March 29th, 2013

Jawing About Writing and Writing About Jaws

By Sharla Rae

No, I’m not discussing sharks. We’re discussing the jawline, and writing facial descriptions and emotions. And …  I have another description list for you, too.

Recently in her blog, When Writing Is A Full Body Workout, Orly confessed being caught acting out what she happened to be writing, that is, she was making faces and performing her characters’ body movements. Perhaps not so surprisingly is that many of you identified with her and this peculiarity – myself included.

It’s also not so surprising to learn “why” we do this either subconsciously or deliberately. Writers want fresh descriptions that hit the mark and don’t sound hokey.

What’s hoaky? Going overboard.

We all laugh at the facial contortions made by monkeys in a zoo, but we don’t want our characters making monkey faces! I touched on this in my blog, Body Language: An Artistic Tool.

When describing a character’s actions, facial or otherwise remember whose POV you’re in.

For example:

 If we’re in Franks POV, Frank wouldn’t think about tightening his jaw in anger. He’d just do it.

 But this might be said: A deep ache settled in Frank’s jaw and realized he was clenching his teeth.  Or simply: he gritted his teeth. I’ve seen: he set his jaw, trying keep from ….  This explains Franks mindset. My favorite though is having him feel the pain or strain of his actions.

 We don’t have to tell the emotion.  The facial expression, the scene’s action and the scene itself shows it.

 My descriptions of the jaw, aren’t just about showing emotion. They also describe facial shapes or types of jaws.  

Okay, I have to ask this: Have you ever noticed how most jawline descriptions pertain to men? I believe that’s because most females find a strong jawline physically pleasing as well as a sign of strength and dominance.  It can also show that the man isn’t afraid of a taking up a challenge or throwing one out to others. This leads us down that Neanderthal road to the idea of protection. Yes, ladies, we are genetically programed to be attracted to the Master of the Universe – He Man.  But that’s another blog. See more about this in the links below.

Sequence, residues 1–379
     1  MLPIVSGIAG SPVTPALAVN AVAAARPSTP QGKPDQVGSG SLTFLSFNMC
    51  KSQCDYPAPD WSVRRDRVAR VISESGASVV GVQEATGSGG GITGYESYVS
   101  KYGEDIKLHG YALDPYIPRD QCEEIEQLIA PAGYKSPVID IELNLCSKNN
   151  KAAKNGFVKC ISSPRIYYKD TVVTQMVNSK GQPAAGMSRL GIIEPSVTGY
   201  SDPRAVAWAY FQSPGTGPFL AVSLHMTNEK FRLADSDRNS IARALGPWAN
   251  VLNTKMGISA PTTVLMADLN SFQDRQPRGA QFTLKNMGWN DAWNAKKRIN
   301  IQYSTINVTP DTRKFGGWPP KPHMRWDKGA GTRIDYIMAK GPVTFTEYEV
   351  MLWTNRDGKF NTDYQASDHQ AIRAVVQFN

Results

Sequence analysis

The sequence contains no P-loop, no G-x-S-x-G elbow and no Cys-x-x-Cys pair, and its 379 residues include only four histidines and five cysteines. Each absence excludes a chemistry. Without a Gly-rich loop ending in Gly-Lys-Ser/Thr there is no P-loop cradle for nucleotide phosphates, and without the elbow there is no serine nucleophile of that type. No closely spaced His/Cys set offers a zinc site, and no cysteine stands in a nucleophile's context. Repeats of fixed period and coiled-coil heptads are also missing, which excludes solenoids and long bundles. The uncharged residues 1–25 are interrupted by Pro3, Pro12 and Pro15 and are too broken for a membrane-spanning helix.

Many times face shapes are defined by the jaw so it’s only fair to mention them.

 Seven Basic Face Shapes: oval, square, round, heart, oblong, triangle or pear.

Studying jaws of real people makes the task of describing a character’s jaw easier. Finding images of facial shapes on familiar people helps even more. Simply search google images and type jaw shapes or facial shapes. Lots of celebrity pictures pop up and if you click on the image there are explanations. Very cool.

Below I listed descriptions of jawlines, jaw movements and emotional expressions. Most are very basic, mere reminders to yank your creative chain. I included a few definitions because as I’ve mentioned in previous description blogs, definitions are descriptions. I’ve also included chins in the descriptions of jaws because they are part of the jawline.  Skin conditions and types are not included because that’s another blog.

Basic Jaw Descriptions

Bearded
Bulldog jaw
Carved/sculpted marble
Caved in cheeks sharpened his jawline
Chin like a shovel
Chiseled jawline
Chops – usually jaws of animals or slang for jaws
Clean-shaven jawline
Cleft and scooped like Kirk Douglas
Cleft chin
Delicately rounded and feminine
Emaciated/wasted/starved/caved in
Floppy double chins
Glass-jawed – a jaw easily broken
Hallow cheeked
Hallow dimple
Harsh,/sharp Indian-like cheekbones
Heavy round jaw of a Russian peasant woman
Jaw hallmarked his facial features
Jaw narrowed into a pointed little chin
Jawline disappeared in a doughy face
Jowl – low hanging cheeks; hangs loosely
Jutting chin
Lantern-jawed – a long and thin lower jaw that sticks out; usually with hollow cheeks
Large-boned features
Lean-jawed and hungry looking (perhaps real hunger; perhaps hungry for action)
Lock jaw – tetanus; tetanus of the lower jaw
Mandible – lower jaw
Masseter – lower jaw muscle
Maxilla – bone of upper jaw
Muzzle – mouth and jaws of an animal but can be slang for people
Narrow jawline that arrowed into a pointed chin
Nonexistent chin
Pick-like
Pugilistic jaw of a fighter
Receding chin made his nose seem larger
Saggy jaw that dropped into a turkey neck
Scarred along the cheek from ear to …
Spade of a chin
Strong square jaw
Triangular jaw with sharp edges
Under-hung – lower jaw protruding farther than upper
Under-jawed – prominent underjaw
Undershot – lower jaw sticks out
Weak chin beneath plump lips
Whiskered/prickly/stubble
Wobbly chins and cheeks

Jaw Movement & Expression

Braced or stiffened his jaw against the punch
Came unhinged (surprise)
Clenched his jaw
Determined set of his jaw
Dropped with surprise
Jaw tensed with anger, expectation
Jutted his chin
Locked his jaw, refusing to …
Loose-jawed with …
Puffed up his cheeks with indigence
Slacked jawed with amazement

Also see: Body Language: An Artistic Tool